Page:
safe driver week

Truck drivers should prepare for an increased presence by law enforcement this week. The Commercial Vehicle Safety Alliance embark upon its annual Operation Safe Driver Week. It combats unsafe driving behaviors by truckers and passenger car drivers.

The annual enforcement blitz is scheduled for the week of October 15-21. Officers look for speeding, distracted driving, texting and driving, and seat belt usage. In addition, they monitor following too closely, improper lane changes, failure to obey traffic safety devices, and more.

Here are 8 Tips to Help Avoid Fines:

1. Put down the phone.

Law enforcement agencies refer to distracted driving as “the DUI of today.”  Texting while driving is egregious, taking the driver’s attention off the road. But, you also don’t have to be on the road long to spot someone talking on a handset. Both are prohibited by state laws in many cases, but they’re also expressly restricted for commercial motor vehicle drivers.

2. Keep your eyes on the road.

Smartphones aren’t the only culprit. There are plenty of other things in vehicles today that can take a driver’s attention away from the task at hand — i.e., piloting those several tons (or many more) of steel missile on wheels safely.

3. Don’t speed.

Who hasn’t laid into the gas pedal now and then when driving along?  But, watch your speed particularly during Safe Driver Week.  It’s a time of year when road construction is very prevalent, and officers are found paying particular attention to speeders, distracted drivers and so on in construction zones.

4. Buckle up.

Aside from staring at a smartphone, the next-quickest tip-off for enforcement officers to pull drivers over will be failure to wear a seat belt. Some believe seat belts lack comfort. However, for many decades, wearing a seat belt saves lives in crashes.

5. Give way.

Many states have “move over” laws that require drivers to pull away from the closest lane to a stationary police vehicle with flashing lights. Usually tied to the stipulation “if it’s safe to do so.” but if it isn’t safe to switch lanes, these laws may require the driver passing by to slow down considerably.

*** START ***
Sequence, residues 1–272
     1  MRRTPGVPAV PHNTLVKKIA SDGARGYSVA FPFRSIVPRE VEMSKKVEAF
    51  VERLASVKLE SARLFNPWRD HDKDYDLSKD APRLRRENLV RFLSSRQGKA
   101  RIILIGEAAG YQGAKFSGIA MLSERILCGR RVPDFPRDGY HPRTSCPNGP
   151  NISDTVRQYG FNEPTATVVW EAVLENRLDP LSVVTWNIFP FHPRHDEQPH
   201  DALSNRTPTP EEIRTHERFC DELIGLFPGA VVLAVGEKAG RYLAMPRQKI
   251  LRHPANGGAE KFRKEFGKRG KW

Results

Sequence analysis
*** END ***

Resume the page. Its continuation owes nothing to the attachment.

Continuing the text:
6. Don’t tailgate.

Do your best to give the driver ahead some room. Truck drivers face particular challenges with this since they’re often cut off by passenger vehicles, sometimes by those entering or exiting the highway or maybe a driver who’s just not paying attention.

7. Straighten up and fly right.

Signal your lane changes properly, don’t blow traffic lights and stop signs and obey the rest of the traffic signs and devices out there. Officers will be watching for those things during Safe Driver Week.

8. Get the rest of your ducks in a row, too.

If an offer cites you or pulls you over, they also check for other violations.  Bradley Penneau, a safety program consultant for Telogis, A Verizon Company, commented in a recent Fleet Owner webinar. He stated that a majority of the top commercial vehicle violations are “BLTs.” Meaning, brakes, lights, and tires.


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truck driver spendingA lot of articles about how to save money overlook the unique needs of spending needs of truck drivers.

Here’s a list built for you.

1. Food

TruckerMike of Trucking Truth says, “It is very easy to rack up $30 or more in a single day eating food on the road. That comes out to over $200 per week, and over $10,000 per year! WOW!”

To save money, buy a portable fridge and a crock pot. The Healthy Trucker recommends the “ARB 10800472 Fridge Freezer- 50 Quart” and shares a few tips and recipes for slow cookers here. If you stock up at a grocery store before hitting the road, it becomes cheaper and more convenient to eat the healthy. The fridge and slow cooker will pay for themselves in less than a year.

2. Budget

“Base your Budget on low mile weeks,” advises Derek McClain of The Healthy Trucker. Most companies pay by the mile, and your miles will change from week to week. It’s better to budget for the low weeks and have a little more than you planned for on good week than to plan for the good weeks and not have enough during the bad weeks.

3. Emergencies

You can’t schedule emergencies, but you can soften the blow by being ready for them. The Healthy Trucker says, “When in doubt if an emergency fund should be used for a purchase, just refer back to the ‘emergency’ part of the name … If there’s a question whether or not it’s an emergency … it’s probably not.”

4. Loans

A cash advance or a payday loan may be tempting but use caution. Many of these institutions tack on ridiculous interest rates and fees (as high as $15 to $30 for every $100 loaned). These fees will eat up your paycheck for months or worse, leave you taking out new loans to pay back your old loans. Always turn to your emergency fund, friends, family or even your company before resorting to a high-interest, short-term loan.

5. Free WiFi

Don’t forget to enable your device’s WiFi at stops rather than relying on your data plan. The free WiFI will cut down your data usage (and your phone bill) every month.